Shawnigan Lake School is back on top of the rugby world.
The school’s senior boys team had their five-year run as provincial AAA champions snapped with a loss to St. George’s last spring, but regained the title in Abbotsford last Saturday with a 35-5 victory over that same St. George’s squad.
"It feels great," head coach Tim Murdy said. "The kids worked very hard towards the goal this year. They’re a talented group, and they really got what they desered."
Even though it was St. George’s that Shawnigan defeated, Murdy doesn’t consider it connected to last year’s loss.
"I’m not sure if it’s a measure of revenge," he said. "There’s definitely a sense of satisfaction for the kids, but not so much for the staff. The staff understand that it’s a different year, different kids. For the boys that played in the game last year, it was something special to get that back."
Rugby observers see Shawnigan as a stacked team, but no matter how talented they are, the players still have to work hard to achieve success, Murdy pointed out.
"It’s a reflection of the commitment these guys have," he said. "People talk about how we have all these great players, but they’re never there to see how hard these guys work, how they’re in the weight room four days a week, how they gave up their May long weekend to come back early and practice. It’s a very committed group of young men."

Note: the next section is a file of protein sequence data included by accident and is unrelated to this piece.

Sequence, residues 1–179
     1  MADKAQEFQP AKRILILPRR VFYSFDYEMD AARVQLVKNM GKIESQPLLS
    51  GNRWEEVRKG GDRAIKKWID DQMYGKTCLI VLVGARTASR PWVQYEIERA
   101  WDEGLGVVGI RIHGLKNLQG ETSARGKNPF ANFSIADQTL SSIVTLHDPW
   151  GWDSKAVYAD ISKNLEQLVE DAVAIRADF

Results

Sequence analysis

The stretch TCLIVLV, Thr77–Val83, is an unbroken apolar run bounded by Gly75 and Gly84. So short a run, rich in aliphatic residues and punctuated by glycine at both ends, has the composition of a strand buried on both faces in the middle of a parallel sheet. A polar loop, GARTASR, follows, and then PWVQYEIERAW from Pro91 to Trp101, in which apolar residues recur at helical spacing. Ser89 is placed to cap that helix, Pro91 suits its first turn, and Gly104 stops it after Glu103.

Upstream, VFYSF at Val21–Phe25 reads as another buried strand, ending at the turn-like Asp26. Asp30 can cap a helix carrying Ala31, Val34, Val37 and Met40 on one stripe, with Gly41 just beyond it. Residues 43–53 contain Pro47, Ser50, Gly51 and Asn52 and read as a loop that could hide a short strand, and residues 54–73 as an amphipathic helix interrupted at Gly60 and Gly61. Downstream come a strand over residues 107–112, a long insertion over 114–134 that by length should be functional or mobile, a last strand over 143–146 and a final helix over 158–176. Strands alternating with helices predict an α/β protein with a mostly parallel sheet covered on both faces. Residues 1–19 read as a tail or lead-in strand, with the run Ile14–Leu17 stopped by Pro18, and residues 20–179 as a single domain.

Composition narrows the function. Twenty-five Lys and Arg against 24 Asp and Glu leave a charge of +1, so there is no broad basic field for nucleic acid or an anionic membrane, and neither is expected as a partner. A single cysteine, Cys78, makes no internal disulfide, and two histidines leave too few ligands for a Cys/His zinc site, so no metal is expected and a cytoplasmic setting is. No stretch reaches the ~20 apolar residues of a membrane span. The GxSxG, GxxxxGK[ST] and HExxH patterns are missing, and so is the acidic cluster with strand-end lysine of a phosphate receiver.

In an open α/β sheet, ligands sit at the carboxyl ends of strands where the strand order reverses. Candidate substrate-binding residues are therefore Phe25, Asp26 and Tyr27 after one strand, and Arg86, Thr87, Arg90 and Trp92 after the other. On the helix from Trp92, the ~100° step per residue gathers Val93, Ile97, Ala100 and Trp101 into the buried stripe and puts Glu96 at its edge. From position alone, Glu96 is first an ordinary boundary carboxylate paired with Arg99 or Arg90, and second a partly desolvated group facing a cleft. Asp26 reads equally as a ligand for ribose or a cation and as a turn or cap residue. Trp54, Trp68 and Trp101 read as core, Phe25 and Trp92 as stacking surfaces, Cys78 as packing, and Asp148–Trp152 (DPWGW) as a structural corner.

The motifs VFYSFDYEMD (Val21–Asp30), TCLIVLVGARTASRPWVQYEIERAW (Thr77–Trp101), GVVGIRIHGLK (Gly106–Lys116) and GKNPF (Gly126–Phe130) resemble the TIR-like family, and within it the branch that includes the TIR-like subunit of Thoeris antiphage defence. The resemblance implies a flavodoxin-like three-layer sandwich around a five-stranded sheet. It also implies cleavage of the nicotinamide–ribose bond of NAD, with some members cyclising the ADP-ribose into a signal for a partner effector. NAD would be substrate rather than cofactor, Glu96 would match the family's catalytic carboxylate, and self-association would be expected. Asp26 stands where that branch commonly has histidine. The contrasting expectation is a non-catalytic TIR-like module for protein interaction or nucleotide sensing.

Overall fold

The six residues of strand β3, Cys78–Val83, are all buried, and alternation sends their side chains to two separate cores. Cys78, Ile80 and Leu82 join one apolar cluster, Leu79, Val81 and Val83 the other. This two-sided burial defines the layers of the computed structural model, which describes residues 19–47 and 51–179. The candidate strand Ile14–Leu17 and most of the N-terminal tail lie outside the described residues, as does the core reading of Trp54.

Shawnigan found little resistance in the first three rounds, beating G.P. Vanier 112-0, Handsworth 58-3 and Earl Marriott by a score of 46-3. The final against St. George’s started as a close battle.
"St. George’s is a very good team," Murdy acknowledged.
"They had us under pressure initially, at least territorially. But our guys stuck to our structures on defence and weathered the storm."
Scoring from Shawnigan was balanced in the final match, with no one player standing out.
"It was kind of a comprehensive team win," Murdy said. "We have some strong individuals, but it was very much a team performance."
Co-captain George Barton capped off five years with Shawnigan by being named to the Commissioner’s XV. He and fellow co-captain Cole Milne are among several graduating players – about a third of the starting lineup – that Shawnigan will miss next year. With a strong group of Grade 11s this year and a Grade 10 side that won the Island championship, Murdy doesn’t feel his team will lose any ground.
"We’ll have a good team again next year, he said.
The 2015 title is Shawnigan’s sixth in the last seven years, and the school’s eighth consecutive appearance in the provincial final, but Murdy still sees things from a year-to-year basis.
"We don’t look at it as a legacy," he said. "We look at it as a process-driven program that starts at the Grade 8 level. They’re learning the game and learning what it takes to be successful."